Barnes says the withdrawal of the “Big Six” from the controversial plans should not be considered a victory for football fans around the country, the Daily Mail reports.

“Let’s not make any mistake about what this was about,” he said on talkRADIO. “This was about 12 groups who wanted the power to exploit football. It was never about the fans, it was about Uefa trying to hold on to power, the Premier League trying to hold on to their power, and this new group, the European Super League, trying to come into power.

“This is being framed as a power victory for the fans. It is not a victory for the fans, it’s a victory for whoever wins ‘can I exploit football fans?’”

3. Owners of rebel clubs must ‘beg for forgiveness’

The owners of the six English clubs have come under heavy fire after their involvement with the Super League proposals. Managers and players were not informed of the plans and many have spoken out against the breakaway.

Despite the clubs withdrawing just 48 hours after the initial announcement, the focus will now be on how the six rebel clubs will be welcomed back by their Premier League rivals.

Former Liverpool defender Stephen Warnock says the owners of the six clubs must “beg for forgiveness”. “The owners have to be very, very careful now,” Warnock told BBC Sport. “Expect a backlash when they come back to grounds - rightly so, because you’ve gone against the fans. You’ve thought they wanted to go a certain way without consulting them.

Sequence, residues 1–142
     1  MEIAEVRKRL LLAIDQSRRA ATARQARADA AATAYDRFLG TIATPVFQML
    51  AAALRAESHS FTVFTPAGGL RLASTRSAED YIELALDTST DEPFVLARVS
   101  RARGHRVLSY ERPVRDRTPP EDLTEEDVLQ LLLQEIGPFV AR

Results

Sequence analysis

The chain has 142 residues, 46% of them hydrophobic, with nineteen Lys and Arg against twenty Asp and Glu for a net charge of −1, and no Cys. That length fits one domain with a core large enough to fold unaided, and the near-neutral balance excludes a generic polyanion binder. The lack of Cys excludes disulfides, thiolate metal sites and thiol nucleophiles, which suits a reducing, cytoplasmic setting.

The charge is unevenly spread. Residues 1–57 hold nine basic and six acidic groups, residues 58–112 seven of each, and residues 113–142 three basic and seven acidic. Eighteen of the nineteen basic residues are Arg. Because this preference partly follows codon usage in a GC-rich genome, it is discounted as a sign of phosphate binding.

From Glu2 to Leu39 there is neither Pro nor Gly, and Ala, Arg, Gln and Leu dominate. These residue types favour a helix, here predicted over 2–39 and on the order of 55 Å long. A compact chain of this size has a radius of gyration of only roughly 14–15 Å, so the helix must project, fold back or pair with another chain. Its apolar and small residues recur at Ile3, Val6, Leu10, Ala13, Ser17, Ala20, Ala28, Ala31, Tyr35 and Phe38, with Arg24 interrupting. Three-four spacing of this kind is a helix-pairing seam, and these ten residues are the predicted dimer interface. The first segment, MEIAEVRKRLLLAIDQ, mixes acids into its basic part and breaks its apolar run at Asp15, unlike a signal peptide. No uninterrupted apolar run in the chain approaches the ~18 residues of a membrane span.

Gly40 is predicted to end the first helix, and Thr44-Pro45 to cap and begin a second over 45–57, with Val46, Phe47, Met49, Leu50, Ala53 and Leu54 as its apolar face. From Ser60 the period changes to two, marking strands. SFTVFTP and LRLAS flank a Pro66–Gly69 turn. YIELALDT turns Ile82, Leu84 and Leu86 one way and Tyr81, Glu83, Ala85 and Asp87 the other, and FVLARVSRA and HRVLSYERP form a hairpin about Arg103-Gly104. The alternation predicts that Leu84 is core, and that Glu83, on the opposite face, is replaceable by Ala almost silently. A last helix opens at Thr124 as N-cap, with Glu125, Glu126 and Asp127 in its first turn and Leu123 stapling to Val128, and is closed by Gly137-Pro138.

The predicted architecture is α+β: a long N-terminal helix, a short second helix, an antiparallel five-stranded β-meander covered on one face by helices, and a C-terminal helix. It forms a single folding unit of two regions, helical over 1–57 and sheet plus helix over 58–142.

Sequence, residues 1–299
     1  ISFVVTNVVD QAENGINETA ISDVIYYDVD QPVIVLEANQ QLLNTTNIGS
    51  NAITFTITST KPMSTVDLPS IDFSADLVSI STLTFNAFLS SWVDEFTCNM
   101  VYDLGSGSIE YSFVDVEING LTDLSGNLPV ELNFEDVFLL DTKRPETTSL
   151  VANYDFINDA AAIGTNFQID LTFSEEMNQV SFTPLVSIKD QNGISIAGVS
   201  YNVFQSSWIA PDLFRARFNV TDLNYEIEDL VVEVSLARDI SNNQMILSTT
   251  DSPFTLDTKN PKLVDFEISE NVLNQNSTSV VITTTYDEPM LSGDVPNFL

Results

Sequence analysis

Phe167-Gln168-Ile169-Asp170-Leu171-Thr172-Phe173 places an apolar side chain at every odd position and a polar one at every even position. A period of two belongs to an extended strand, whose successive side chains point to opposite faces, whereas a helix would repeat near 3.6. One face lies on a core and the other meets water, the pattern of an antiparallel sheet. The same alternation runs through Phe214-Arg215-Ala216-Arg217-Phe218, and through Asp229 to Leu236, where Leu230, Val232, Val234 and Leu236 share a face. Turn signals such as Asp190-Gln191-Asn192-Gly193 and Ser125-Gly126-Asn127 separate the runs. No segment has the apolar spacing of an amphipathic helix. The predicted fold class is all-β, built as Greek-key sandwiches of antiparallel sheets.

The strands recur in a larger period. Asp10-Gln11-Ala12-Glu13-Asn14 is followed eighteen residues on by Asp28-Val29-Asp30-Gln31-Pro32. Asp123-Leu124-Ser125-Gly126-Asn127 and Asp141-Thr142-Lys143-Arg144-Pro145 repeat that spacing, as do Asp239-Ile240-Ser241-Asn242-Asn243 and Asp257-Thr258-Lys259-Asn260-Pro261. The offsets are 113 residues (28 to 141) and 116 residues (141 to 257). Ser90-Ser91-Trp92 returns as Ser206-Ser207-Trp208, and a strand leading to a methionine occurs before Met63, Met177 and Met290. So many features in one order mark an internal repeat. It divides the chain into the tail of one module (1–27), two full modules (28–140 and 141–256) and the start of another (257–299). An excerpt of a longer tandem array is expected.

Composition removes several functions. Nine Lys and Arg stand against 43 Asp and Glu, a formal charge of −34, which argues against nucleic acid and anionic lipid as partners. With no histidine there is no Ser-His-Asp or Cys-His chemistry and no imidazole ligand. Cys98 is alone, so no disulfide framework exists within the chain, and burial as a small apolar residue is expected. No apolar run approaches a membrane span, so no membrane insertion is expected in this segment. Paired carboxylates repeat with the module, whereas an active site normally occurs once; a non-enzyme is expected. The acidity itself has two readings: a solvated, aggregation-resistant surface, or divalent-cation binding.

“It’s been abysmal the way it was handled. You’re seeing the power of the fans. Don’t forget football players are fans too. They know what it feels like to be a fan and understand the connection between the players, fans, the club - so I am absolutely delighted it’s fallen down and started to unravel.”

4. Liverpool owner tells fans: I’ve let you down

Liverpool FC

Liverpool principal owner John W Henry has this morning issued a message to supporters and taken sole responsibility for “disruption I caused over the past 48 hours”.

In an open letter to fans Henry said: “It goes without saying but should be said that the project put forward was never going to stand without the support of the fans. No-one ever thought differently in England.